How do birthdays work in Korea?

Have you ever wondered how birthdays are celebrated in Korea? Maybe you’ve heard about the unique way age is calculated in South Korea and want to know more about it. In this blog post, we’ll delve into the fascinating cultural traditions surrounding birthdays in Korea, including the importance of certain milestones and the special foods and customs associated with these celebrations. You may be surprised to learn about the recent change in how age is calculated in South Korea and the impact it has had on the way birthdays are celebrated. To read more about this, check out South Koreans become younger as traditional way of counting age scrapped.

The Yearly Affair

The celebration of birthdays in Korea is a yearly affair, just like in many other cultures around the world. It’s a time for family and friends to come together to honor and celebrate the person whose special day it is. Whether it’s your own birthday or someone else’s, birthdays are an important part of Korean culture and are celebrated with various traditions and customs.

The Traditional Korean Birthday: Seollal and Chuseok

The traditional Korean birthday celebrations are deeply rooted in the country’s culture and history. Two of the most important traditional Korean holidays with birthday significance are Seollal, the lunar New Year, and Chuseok, the Korean harvest festival. Seollal, which typically falls in late January or early February, is a time for family gatherings, paying respects to ancestors, and enjoying traditional foods. Chuseok, which usually takes place in late September or early October, involves honoring ancestors and sharing a meal together. These holidays are a time for family and community, emphasizing the importance of honoring your heritage.

Modern Birthdays: Cake, Candles, and Song

In modern Korea, birthdays are celebrated in a similar way to Western cultures, with a few unique customs thrown in. One of the most important components of a Korean birthday celebration is the tradition of eating seaweed soup. This soup, known as miyeokguk, is consumed on birthdays to celebrate getting a year older. In addition to the soup, a cake is often enjoyed, along with the tradition of blowing out candles and making a wish. The birthday song is also sung, although it’s a Korean version known as “Happy Birthday to You” which is similar to the Western version. In recent years, gift-giving has also become a more common practice, with friends and family members exchanging presents to celebrate your special day.

Age and Korean Culture

While birthdays are celebrated in various ways across different cultures, age holds a unique significance in Korean culture. It’s important to understand the role of age and the Korean age system to fully appreciate how birthdays are observed in Korea.

The Korean Age System: Everyone’s One Year Older!

In Korea, your age is calculated differently than in many other parts of the world. Rather than counting the number of years since you were born, everyone in Korea becomes a year older on New Year’s Day. This means that even if you were born on December 31st, you will be considered two years old the very next day. It’s important to keep this in mind when celebrating birthdays in Korea, as it may affect the age at which certain milestones are reached.

Coming of Age: The 20th Year Milestone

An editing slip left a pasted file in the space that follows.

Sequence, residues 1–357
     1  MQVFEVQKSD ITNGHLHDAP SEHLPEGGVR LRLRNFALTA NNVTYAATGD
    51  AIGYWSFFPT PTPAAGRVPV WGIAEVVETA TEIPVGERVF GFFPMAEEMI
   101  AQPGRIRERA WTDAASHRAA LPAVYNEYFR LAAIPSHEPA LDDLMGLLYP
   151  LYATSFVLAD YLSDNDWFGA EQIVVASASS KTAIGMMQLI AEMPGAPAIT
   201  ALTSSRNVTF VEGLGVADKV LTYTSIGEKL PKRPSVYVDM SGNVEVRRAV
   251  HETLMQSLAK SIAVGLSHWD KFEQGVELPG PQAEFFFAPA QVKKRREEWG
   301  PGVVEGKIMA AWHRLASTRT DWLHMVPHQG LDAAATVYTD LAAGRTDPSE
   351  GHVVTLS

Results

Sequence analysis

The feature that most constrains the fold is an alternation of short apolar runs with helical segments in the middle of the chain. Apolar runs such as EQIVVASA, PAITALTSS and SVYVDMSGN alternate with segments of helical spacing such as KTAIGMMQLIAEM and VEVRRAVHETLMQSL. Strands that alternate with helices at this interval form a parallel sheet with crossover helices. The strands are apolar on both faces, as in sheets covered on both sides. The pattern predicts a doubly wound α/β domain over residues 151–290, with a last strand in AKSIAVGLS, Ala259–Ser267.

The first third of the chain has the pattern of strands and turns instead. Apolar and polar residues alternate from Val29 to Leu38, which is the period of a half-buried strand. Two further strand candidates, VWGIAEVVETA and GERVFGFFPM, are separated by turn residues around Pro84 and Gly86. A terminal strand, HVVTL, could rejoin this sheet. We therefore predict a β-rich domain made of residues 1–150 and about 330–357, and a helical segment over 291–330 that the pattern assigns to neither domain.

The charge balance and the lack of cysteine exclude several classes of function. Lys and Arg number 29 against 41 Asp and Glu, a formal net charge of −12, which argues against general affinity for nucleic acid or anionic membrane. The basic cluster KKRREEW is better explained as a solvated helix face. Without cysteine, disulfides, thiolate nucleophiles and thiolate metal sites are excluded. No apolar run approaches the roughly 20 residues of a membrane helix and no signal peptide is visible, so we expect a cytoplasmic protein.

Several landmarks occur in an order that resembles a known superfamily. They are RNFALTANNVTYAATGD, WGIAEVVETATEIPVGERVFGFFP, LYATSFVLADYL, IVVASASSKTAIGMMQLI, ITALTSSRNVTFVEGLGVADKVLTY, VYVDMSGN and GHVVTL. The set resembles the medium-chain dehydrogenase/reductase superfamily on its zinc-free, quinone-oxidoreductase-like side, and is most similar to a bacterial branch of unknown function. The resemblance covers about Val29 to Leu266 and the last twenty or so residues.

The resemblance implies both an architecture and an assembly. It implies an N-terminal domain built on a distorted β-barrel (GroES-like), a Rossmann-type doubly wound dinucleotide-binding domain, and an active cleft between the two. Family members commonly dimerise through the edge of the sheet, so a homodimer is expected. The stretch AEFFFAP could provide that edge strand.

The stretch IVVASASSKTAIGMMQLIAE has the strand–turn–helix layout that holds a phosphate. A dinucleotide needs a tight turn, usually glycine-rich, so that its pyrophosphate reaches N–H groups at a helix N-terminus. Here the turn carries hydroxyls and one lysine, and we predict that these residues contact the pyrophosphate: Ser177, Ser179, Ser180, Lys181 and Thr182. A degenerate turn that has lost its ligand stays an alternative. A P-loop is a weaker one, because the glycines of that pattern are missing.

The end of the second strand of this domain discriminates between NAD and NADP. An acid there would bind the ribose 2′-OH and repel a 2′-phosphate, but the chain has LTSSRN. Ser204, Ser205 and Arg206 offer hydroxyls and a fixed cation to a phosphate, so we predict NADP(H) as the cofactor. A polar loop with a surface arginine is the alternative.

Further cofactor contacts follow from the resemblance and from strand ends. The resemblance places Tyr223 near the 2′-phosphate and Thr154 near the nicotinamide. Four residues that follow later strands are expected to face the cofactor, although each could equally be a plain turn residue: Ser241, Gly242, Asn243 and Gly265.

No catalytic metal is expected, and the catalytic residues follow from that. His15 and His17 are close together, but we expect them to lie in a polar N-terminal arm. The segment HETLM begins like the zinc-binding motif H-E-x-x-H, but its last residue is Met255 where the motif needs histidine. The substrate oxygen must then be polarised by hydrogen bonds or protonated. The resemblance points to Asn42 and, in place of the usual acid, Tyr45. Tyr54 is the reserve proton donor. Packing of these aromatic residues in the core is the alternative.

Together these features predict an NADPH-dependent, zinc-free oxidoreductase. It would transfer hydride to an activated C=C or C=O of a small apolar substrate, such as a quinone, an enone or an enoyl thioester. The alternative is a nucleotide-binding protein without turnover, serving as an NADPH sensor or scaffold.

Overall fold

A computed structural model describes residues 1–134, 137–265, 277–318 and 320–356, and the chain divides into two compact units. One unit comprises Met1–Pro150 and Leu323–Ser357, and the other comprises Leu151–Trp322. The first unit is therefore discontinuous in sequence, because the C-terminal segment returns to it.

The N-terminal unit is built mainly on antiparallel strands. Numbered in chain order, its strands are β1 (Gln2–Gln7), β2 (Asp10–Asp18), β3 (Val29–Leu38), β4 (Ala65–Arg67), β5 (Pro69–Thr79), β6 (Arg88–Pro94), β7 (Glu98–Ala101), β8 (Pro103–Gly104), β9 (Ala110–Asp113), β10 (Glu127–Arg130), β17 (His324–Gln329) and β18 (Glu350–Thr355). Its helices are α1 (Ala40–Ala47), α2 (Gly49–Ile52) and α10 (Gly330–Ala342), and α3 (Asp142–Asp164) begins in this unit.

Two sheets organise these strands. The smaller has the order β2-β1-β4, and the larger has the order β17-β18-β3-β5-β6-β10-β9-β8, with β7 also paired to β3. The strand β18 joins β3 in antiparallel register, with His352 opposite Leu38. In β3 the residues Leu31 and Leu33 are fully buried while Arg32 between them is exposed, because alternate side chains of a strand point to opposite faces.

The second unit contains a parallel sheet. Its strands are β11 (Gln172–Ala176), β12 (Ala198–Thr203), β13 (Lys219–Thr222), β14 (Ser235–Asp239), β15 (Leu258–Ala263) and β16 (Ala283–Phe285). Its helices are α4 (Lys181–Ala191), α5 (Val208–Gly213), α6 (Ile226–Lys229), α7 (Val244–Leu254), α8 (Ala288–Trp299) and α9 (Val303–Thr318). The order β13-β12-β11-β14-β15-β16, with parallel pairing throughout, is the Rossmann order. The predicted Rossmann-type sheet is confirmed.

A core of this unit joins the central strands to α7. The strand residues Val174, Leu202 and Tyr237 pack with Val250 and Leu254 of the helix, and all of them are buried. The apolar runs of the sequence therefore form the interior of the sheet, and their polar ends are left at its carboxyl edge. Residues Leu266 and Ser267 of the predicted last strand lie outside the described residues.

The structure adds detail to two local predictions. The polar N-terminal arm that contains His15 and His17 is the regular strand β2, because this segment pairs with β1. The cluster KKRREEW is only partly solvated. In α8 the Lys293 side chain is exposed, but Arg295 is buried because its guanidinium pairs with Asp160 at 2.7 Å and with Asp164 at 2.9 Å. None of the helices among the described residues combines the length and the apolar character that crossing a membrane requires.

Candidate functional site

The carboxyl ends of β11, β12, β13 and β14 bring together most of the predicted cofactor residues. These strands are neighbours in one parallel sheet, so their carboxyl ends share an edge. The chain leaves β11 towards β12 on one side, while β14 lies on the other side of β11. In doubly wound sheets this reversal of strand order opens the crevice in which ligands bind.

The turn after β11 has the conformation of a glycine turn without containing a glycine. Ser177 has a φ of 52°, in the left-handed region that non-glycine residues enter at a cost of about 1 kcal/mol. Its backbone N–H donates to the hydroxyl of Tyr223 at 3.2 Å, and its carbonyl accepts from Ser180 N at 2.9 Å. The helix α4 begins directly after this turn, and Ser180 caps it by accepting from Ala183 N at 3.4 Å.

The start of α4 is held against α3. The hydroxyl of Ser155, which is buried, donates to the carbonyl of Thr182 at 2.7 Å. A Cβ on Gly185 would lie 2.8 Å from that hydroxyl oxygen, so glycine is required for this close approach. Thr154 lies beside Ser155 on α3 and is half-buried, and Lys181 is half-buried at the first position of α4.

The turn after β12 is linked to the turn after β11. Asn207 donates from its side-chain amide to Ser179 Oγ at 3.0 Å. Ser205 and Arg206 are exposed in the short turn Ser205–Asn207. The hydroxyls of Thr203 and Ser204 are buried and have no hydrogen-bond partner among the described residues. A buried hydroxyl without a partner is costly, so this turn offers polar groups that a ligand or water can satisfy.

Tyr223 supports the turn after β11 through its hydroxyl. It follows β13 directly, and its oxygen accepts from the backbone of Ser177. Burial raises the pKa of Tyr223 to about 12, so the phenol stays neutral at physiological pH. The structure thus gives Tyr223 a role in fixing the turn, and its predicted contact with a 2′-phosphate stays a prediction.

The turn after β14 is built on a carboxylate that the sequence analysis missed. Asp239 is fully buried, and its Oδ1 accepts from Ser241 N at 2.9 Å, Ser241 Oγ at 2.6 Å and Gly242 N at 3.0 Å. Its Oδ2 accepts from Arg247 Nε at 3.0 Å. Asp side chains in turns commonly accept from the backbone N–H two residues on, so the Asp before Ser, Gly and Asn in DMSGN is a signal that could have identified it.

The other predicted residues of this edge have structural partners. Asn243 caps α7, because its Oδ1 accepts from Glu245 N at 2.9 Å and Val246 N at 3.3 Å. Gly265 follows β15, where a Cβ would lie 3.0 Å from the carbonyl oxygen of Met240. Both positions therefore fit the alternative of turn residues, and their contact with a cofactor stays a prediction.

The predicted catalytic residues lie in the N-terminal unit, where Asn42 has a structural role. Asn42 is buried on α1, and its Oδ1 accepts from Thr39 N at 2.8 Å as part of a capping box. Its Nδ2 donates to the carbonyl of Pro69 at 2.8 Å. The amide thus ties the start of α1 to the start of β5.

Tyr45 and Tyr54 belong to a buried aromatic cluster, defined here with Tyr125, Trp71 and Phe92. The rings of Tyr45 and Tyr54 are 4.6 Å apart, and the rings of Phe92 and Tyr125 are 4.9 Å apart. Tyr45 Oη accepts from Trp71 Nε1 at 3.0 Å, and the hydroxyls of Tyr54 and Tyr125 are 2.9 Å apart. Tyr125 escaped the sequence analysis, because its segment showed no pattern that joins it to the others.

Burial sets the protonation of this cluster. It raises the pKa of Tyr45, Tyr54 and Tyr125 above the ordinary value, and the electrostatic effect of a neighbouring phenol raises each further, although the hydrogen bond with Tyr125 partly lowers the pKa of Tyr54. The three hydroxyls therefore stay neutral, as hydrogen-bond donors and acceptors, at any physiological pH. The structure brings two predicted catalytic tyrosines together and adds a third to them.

One of the most significant milestones in Korean culture is the 20th year birthday, known as “manseok.” This marks the age at which you are officially considered an adult in Korea. It’s a time for celebration and reflection, as you are now seen as being fully responsible for your actions and decisions. Many young adults receive gifts and well wishes from family and friends, and it’s a time to take on new responsibilities and embrace the privileges of adulthood.

Special Birthdays

Despite South Korea’s recent change in age law, where Koreans are getting younger, there are still some special birthdays that hold significant cultural importance in the country. South Korea changes its age law and Koreans get younger, which has shifted the way birthdays are celebrated in the country.

The First Birthday Bash: Doljanchi

One of the most important birthdays in Korean culture is the first birthday, known as Doljanchi. This celebration marks the child’s first year of life and is centered around the Doljabi, a traditional ritual where the child is placed in front of a table with various objects. The item the child chooses is said to predict their future. Doljanchi is a joyous occasion celebrated with family and friends, and it holds significant cultural and symbolic meaning in Korean society.

The Decade Celebrations: Hwangap and Gohee

In addition to the first birthday, there are two other significant milestone birthdays in Korean culture: Hwangap and Gohee. Hwangap is celebrated when a person turns 60 and signifies a full cycle of life in traditional Korean belief. It is a time for family and friends to come together and honor the individual’s wisdom and experience. Similarly, Gohee is celebrated when a person reaches 70 and is a joyous occasion to honor their longevity and the positive impact they have had on the lives of others.


With this in mind, you now have a better understanding of how birthdays are celebrated in Korea. From the important age milestones to the traditional foods and customs, you can see that birthdays hold a special significance in Korean culture. Whether you are celebrating your own birthday or attending a friend’s celebration, you can now appreciate the meaningful aspects of this important tradition. So, the next time you find yourself in Korea during someone’s birthday, be sure to partake in the festivities and show your respect for their customs and traditions.


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Written by David

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